N Type Semiconductor
Before understanding what is n-type semiconductor we should focus on some basic theories of atomic science. We all know that each atom of any substance requires eight electrons at its outermost orbit. But it is also true that all atoms do not have eight electrons at their outermost orbit. But all the atoms have an ultimate goal to have eight electrons at their outermost orbit. The electrons at an outermost orbit of an atom are called valence electrons. If the outermost orbit of an atom does not have eight electrons, then there will be as many vacancies as the lack of electrons in orbit. These vacancies are always ready to accept electrons to fulfil eight electrons in the outermost orbit of the atom. The most commonly used semiconductors are silicon and germanium. The Silicon has 14 electrons which have been configured as 2, 8, 4. Germanium has 32 electrons which have been configured as 2, 8, 18, 4. Both of the semiconductors have 4 electrons at their outer-most orbit. Hence, there are vacancies for more 4 electrons.
Four valence electrons fulfil these vacancies each of which is from four individual neighbouring semiconductor atom. Actually, in this way, all atoms of a semiconductor crystal make a covalent bond with their nearest most neighbourhood atoms. Ideally, all valence electrons in a semiconductor crystal are involved in forming of covalent bonds. Hence, there should not be any free electron in the crystal. But this is not the actual case. At absolute 0o Kelvin there would not be any free electron in the crystal, but when the temperature rises from absolute zero to room temperature, numbers of valence electrons in the bonds are thermally excited and come out from the bond and generate a number of free electrons in the crystal. These free electrons cause the conductivity of the semiconductor materials at any temperature higher than absolute zero. There is a method of increasing conductivity of semiconductors at any temperature greater than absolute zero. This method is called doping. In this method is pure or intrinsic semiconductor is doped with pentavalent impurities like antimony, arsenic and phosphorus. These impurity atoms replace some of the semiconductor atoms in the crystal and occupy their positions. As the impurity atoms have five valence electrons in the outermost orbit 4 of them will create the covalent bond with four adjacent semiconductor atoms.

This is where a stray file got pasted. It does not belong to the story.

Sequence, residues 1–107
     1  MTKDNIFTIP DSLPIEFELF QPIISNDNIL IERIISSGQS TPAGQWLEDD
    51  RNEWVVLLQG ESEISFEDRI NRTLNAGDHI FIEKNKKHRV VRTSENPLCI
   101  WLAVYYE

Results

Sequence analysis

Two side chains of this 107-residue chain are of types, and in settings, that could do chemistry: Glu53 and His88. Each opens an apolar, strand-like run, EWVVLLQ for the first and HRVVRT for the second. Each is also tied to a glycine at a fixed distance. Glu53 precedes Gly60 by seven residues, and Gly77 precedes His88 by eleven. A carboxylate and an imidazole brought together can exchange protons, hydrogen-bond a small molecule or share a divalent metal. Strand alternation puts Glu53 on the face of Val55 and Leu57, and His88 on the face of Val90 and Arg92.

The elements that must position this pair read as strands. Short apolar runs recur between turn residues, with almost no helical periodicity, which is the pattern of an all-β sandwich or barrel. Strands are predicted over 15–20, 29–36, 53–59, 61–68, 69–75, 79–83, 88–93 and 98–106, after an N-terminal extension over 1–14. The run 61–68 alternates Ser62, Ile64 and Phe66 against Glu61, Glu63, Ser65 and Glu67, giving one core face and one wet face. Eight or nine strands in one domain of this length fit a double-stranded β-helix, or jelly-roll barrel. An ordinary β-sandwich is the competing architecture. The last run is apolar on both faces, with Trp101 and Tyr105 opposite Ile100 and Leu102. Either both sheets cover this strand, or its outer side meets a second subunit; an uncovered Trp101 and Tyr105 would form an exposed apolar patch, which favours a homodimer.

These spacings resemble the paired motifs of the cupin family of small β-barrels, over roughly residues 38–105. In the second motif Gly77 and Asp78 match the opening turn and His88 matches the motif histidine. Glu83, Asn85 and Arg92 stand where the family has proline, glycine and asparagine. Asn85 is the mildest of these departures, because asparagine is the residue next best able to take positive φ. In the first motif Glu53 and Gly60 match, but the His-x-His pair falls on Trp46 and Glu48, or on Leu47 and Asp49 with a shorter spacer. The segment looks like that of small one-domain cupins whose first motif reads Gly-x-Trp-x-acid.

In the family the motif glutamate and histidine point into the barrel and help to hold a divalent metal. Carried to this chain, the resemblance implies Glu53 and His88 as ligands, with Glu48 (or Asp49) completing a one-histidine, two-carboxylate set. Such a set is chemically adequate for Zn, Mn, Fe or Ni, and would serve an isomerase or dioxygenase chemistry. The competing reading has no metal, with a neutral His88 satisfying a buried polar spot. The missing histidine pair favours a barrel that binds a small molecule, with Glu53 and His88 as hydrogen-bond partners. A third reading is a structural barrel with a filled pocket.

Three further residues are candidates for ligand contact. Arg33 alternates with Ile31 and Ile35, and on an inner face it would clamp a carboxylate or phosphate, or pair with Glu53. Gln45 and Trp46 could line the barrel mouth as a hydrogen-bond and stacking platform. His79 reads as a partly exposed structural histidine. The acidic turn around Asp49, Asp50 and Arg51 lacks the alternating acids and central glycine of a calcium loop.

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One valance electron of impurity atom does not get chance to involve in covalent bonding and becomes more loosely bounded with parent impurity atom. At room temperature, these loosely attached fifth valence electrons of impurity atoms can come out from its position due to thermal excitation. Due to this phenomenon, there will be a considerable number of free electrons, but still, there are breakdowns of covalent bonds in the crystal due to thermal excitation at room temperature. The free electrons in addition to free electrons created due to the breakdown of a semiconductor to semiconductor and semiconductor to impurities covalent bonds cause the total of free electrons in the crystal. Although whenever a free electron gets created during the breakdown of a semiconductor to semiconductor covalent bond, there is a vacancy created in the broken bond. These vacancies are referred to as holes. Each of these holes is considered as a positive equivalent of a negative electron as it gets created due to lack of one electron. Here electrons are main mobile charge carriers. In an n-type semiconductor there will be both free electrons and holes. But the number of holes is quite smaller than that of electrons because holes are created only due to the breakdown of the semiconductor to semiconductor covalent bond whereas free electrons are created both due to loosely bounded non-bonded fifth valence electron of impurity atoms and breakdown of the semiconductor to semiconductor covalent bonds.